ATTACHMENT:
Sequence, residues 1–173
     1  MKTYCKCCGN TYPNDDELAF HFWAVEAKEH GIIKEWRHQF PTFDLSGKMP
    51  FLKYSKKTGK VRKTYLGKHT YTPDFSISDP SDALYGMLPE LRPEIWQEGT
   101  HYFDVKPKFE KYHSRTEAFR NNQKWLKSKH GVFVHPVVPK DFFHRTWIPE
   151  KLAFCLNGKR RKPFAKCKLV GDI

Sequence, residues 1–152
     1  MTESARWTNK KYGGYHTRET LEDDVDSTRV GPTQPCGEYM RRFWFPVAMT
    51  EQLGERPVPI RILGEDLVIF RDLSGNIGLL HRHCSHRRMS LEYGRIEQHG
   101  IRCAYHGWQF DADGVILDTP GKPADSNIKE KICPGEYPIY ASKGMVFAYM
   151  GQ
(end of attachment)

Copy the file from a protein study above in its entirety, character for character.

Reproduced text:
Sequence, residues 1–173
     1  MKTYCKCCGN TYPNDDELAF HFWAVEAKEH GIIKEWRHQF PTFDLSGKMP
    51  FLKYSKKTGK VRKTYLGKHT YTPDFSISDP SDALYGMLPE LRPEIWQEGT
   101  HYFDVKPKFE KYHSRTEAFR NNQKWLKSKH GVFVHPVVPK DFFHRTWIPE
   151  KLAFCLNGKR RKPFAKCKLV GDI

Sequence, residues 1–152
     1  MTESARWTNK KYGGYHTRET LEDDVDSTRV GPTQPCGEYM RRFWFPVAMT
    51  EQLGERPVPI RILGEDLVIF RDLSGNIGLL HRHCSHRRMS LEYGRIEQHG
   101  IRCAYHGWQF DADGVILDTP GKPADSNIKE KICPGEYPIY ASKGMVFAYM
   151  GQ